Kenny Lattimore: The Way We Were


“I sing because I love it and I make albums because I enjoy recording.”

Re-introducing Kenny Lattimore.

With his sixth album fresh out of the studio and plans already underway for album number seven, he’s no newcomer to the music world; yet the soulful R&B crooner remains an enigma. Read on as Rachelle Hull delves into the history of a man daring enough to release an album of “the way songs used to be made” in an age when auto-tune blurs the lines between singers and those who wish they could.

As a teenager, the Washington DC native was part of the 1980s all-male group Maniquin. Despite releasing just one album the vocal talents of Kenny set him apart, leading to a steady solo career. Five albums later (Kenny Lattimore, Soul Of Man, Weekend) – including two duet albums with beautiful wife and chanteuse Chanté Moore (Things That Lovers Do, Uncovered/Covered) – he is back with his sixth studio release, Timeless; a collection of classic songs reinterpreted the Lattimore way.

Yet the journey from Maniquin to Timeless has not always been smooth. Having been in the business for over two decades and changed labels, he has experienced his fair share of setbacks. “At Columbia [Records] I think they decided they didn’t want to promote adult music anymore…” he muses. “So they let me go.”

“When you go to a different label and they don’t know who you are they begin to redefine you and make you into something that you’re not. I did the Weekend album [with Arista Records] and have no regrets, but they wanted me to be a younger artist than I was.” The backlash? “My lyrical content. It didn’t come from me and my audience knew it didn’t come from me.”

Sitting on a leather sofa at the Sheraton Hill Hotel in Philadelphia, the singer is in town to promote his Timeless Promise tour with songstress Deborah Cox. Looking relaxed and much younger than his 39 years he is candid on how his experiences in the industry have shaped him; “I’m less inhibited as a person and less critical of myself. Music has taught me about who I am and to be strong and confident in who I am.”

Now settled at Verve, a label known for high-end artists like Herbie Hancock and Diana Krall, Lattimore is re-housed, refreshed and ready for the next phase of his career. “We’re in an era where technology is so great…” he begins. “It’s the era of the people who want to be singers that aren’t really singers, or who want to be musicians and aren’t really musicians.”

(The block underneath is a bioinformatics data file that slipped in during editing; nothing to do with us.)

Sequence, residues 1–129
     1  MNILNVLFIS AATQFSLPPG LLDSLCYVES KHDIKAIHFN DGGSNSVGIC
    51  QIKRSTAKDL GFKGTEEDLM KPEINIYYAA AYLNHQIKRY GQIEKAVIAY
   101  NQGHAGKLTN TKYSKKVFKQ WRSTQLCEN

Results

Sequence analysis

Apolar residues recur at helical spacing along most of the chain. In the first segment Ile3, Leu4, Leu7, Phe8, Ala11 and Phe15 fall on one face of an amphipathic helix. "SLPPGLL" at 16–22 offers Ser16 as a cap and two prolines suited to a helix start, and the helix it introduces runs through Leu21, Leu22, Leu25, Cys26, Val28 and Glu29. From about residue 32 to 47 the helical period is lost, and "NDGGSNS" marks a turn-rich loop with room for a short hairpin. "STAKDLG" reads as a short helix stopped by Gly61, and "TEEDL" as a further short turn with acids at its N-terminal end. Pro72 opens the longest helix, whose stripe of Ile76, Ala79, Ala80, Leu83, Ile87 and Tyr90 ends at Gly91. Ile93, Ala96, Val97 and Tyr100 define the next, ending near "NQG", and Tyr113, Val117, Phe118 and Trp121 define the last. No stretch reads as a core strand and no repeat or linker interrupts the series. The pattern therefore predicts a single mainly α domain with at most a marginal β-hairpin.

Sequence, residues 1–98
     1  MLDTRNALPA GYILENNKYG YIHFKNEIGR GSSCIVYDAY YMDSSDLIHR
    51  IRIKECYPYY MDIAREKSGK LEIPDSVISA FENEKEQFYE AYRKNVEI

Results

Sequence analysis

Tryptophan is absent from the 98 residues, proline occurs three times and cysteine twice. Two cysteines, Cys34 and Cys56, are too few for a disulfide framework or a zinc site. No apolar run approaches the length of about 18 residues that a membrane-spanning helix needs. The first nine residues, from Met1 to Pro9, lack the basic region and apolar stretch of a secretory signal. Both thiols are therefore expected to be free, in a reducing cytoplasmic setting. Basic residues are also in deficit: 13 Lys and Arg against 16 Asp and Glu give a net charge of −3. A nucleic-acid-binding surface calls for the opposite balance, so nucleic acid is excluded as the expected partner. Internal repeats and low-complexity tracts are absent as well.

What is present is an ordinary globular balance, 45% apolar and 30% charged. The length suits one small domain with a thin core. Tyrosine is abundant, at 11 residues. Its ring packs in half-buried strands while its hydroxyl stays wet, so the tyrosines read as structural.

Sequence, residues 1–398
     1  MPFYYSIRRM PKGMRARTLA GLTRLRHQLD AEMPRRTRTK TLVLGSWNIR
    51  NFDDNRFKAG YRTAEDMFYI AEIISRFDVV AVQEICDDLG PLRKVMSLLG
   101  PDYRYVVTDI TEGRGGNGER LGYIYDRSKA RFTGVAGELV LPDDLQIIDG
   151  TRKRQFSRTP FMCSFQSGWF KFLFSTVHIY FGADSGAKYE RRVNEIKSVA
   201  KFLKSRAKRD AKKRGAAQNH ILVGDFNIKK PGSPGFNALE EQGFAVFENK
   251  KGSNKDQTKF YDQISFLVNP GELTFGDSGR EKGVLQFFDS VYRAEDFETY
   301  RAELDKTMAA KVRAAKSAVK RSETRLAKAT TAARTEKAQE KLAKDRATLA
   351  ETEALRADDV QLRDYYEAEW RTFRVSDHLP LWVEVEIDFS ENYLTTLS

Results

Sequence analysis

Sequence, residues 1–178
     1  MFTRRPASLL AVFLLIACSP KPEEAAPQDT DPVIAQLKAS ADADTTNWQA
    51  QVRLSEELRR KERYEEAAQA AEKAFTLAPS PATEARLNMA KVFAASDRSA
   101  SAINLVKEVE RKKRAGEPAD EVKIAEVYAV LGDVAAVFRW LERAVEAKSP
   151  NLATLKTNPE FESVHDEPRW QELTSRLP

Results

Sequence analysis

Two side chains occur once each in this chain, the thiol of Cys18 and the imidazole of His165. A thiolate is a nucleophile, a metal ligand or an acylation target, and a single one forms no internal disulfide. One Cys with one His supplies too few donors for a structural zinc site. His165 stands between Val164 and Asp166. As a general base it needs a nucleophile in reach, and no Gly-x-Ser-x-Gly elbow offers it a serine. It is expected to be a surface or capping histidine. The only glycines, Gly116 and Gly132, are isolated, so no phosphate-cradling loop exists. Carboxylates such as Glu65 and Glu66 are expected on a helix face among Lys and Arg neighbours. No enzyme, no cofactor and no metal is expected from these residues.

“Conceptually, [Timeless] is about the way songs used to be made, with live instruments and live intimate performances.” Producing this slice of vintage re-tweaked is legendary producer and songwriter Barry Eastmond. Having worked together previously the union made perfect sense; “Barry knew Kenny; he knew how to capture my voice and allow me to sing. He’s a great person and from a creative standpoint he did a wonderful job.”

Unafraid to experiment, Kenny’s tribute album is a little different from most. He tells me, “It was a great opportunity to do songs that I’ve always wanted to do and I thought it would be more interesting to mix things up – to expose the R&B world to songs they may not have heard before, from artists like The Beatles, Elton John and Jeff Buckley.” Of which the latter has the softly-spoken tenor singing in falsetto, resulting in a beautiful soul ballad for the grown and sexy.

Though the genre of soul has always been about the music (surviving the synth takeover and more recently auto-tune), the image of an artist remains important. With the bad boys of soul (think D’Angelo) and the free-spirited bachelors (think Maxwell, Bilal) taken care of; Kenny is successfully carrying the torch for the God-fearing, devoted husband. “In this society a lot of people say marriage is ‘just a piece of paper.’ But it’s not just about living together,” he comments, “it’s a spiritual covenant that two people are making before witnesses and God – and for it to work it’s a continual sacrifice. Working on the duets with Chante was a lot of fun and the best thing, because most celebrated people end up in two different worlds where they don’t cultivate a good foundation for their marriage.”

So can we expect a third installment from the happy couple? I’m assured there will be. Laughing, he quickly adds, “What was difficult were people no longer seeing us as individuals. Which is funny because when you’re married you want to become one; but in business we’re not an act.”

Being the father of a son and stepdaughter has had a profound effect on Kenny’s career and he does not dismiss what he does in public as completely separate from his private life. There are no alter-egos here. “It’s powerful being a parent,’ he muses. ‘I look at my son and I see myself. There are so many interesting comparisons to my walk with my Father spiritually and my son’s walk with me naturally. I play a huge role in how whole my daughter will be, by my loving her and being in her life so I have to be responsible. I want to leave them a legacy where they can be proud of what I’ve done.”

Speaking of leaving legacies, Lattimore is already a step ahead and planning his next project – “An original CD that says where I am musically, right now. I’m really looking forward to it, but believe me I wasn’t for a long time because of the disappointments of the music industry.” Pausing for a second he continues, “But I can’t measure the greatness of my songs by how much airplay they received or how many people bought them. This is my gift; this is what I come with.”

Timeless is out now on Verve.

Rachelle Hull